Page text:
- In the majority of India, rainfall is torrential; consequently, there are less opportunities for soil to absorb water, and surface water is wasted. Also, rainwater flows rapidly downhill along the slopes of the hills.
- Irrigation is required to eradicate monoculture agricultural practises in India.
- Irrigation is also crucial for rural India’s socioeconomic transition, as it makes agriculture varied.
- Certain crops, such as rice, sugarcane, jute, and cotton, require more water and irrigation even in regions with abundant precipitation.
- Since the green revolution, the introduction of HYV seeds and large quantities of chemical fertilisers has made irrigation vital.
- The ability of sandy and loamy soil to hold water is inferior to that of alluvial and black soil.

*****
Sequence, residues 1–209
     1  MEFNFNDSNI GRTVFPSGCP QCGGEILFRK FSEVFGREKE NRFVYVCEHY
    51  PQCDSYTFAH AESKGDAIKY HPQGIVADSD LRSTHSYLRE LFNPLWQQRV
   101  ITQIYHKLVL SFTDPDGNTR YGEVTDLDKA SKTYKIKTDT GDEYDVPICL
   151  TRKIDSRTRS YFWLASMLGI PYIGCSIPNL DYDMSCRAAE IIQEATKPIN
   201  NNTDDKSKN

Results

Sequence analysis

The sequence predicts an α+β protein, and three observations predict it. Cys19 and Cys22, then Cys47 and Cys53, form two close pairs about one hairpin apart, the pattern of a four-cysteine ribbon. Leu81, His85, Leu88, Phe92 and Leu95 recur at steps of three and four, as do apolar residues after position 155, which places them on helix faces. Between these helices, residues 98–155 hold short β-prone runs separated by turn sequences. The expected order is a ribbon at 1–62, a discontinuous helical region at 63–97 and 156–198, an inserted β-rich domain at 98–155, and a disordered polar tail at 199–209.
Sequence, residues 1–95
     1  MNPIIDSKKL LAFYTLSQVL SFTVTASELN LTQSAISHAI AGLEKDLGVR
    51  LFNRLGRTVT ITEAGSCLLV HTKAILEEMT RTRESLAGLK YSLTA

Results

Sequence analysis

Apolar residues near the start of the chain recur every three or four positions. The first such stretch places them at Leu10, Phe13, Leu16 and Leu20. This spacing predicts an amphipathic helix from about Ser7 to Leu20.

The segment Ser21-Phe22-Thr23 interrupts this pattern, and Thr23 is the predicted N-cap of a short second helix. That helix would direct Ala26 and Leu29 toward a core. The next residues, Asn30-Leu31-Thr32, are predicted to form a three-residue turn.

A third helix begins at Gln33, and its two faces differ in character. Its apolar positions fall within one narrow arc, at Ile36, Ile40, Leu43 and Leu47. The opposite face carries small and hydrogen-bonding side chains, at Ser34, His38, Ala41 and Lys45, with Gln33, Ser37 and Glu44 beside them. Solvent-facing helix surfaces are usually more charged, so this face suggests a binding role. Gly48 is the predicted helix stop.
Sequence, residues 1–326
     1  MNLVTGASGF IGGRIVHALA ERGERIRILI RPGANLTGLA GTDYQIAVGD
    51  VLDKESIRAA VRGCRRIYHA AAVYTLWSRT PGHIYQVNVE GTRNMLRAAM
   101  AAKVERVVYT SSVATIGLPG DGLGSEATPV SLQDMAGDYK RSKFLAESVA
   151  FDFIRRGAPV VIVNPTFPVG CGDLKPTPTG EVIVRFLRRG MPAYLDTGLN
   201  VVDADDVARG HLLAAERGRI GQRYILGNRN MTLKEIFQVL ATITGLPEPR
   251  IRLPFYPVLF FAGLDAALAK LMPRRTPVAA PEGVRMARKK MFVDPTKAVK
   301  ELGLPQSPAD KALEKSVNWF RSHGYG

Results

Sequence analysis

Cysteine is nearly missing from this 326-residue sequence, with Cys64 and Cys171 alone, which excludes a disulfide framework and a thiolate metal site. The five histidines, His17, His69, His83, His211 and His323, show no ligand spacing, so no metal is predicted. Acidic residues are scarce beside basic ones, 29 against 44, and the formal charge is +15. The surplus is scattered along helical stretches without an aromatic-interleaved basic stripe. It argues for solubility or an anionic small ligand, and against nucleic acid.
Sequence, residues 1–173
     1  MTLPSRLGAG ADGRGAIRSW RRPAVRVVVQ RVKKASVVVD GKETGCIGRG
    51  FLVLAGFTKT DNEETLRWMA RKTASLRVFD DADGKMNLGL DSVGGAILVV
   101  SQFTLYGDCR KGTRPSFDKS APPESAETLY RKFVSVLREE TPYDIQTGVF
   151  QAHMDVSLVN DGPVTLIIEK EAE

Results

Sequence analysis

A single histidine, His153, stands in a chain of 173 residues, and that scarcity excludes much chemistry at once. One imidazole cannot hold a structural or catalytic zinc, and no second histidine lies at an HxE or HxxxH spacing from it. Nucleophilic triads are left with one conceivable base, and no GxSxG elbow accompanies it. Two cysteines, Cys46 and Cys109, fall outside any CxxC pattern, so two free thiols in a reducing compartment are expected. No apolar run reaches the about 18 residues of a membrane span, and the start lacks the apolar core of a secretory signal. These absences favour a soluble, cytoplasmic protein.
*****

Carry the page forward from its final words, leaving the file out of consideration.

- Population growth results in more intensive agriculture, necessitating additional irrigation infrastructure and other inputs.
- Irrigation is required to provide critical moisture for plant growth, which includes the movement of essential components.
Irrigation is necessary to leach or dilute soil salts.
To enhance productivity, cropping intensity, or gross cropped area, it is important to expand the irrigation network.
The yield of irrigated crops is predicted to be between 50 and 100 percent more than that of non-irrigated crops under comparable geographical conditions.
India’s major irrigation projects
The major usage of water in India is irrigation. Irrigation projects are engineering constructions that gather, transport, and deliver water to agricultural fields for crop production. Irrigation projects are always of varying sizes. Major irrigation projects are always contingent on the Cultivable Command Area, or CCA. Culturable Command Area refers to the land on which a crop is cultivated during a specific season or time. When the CCA exceeds 10,000 hectares, the project is referred to as a big irrigation project. When the project is completed in its entirety, it will include enormous water reservoirs, flow diversion structures, and massive networks of canals for the entire region, as well as solar canals.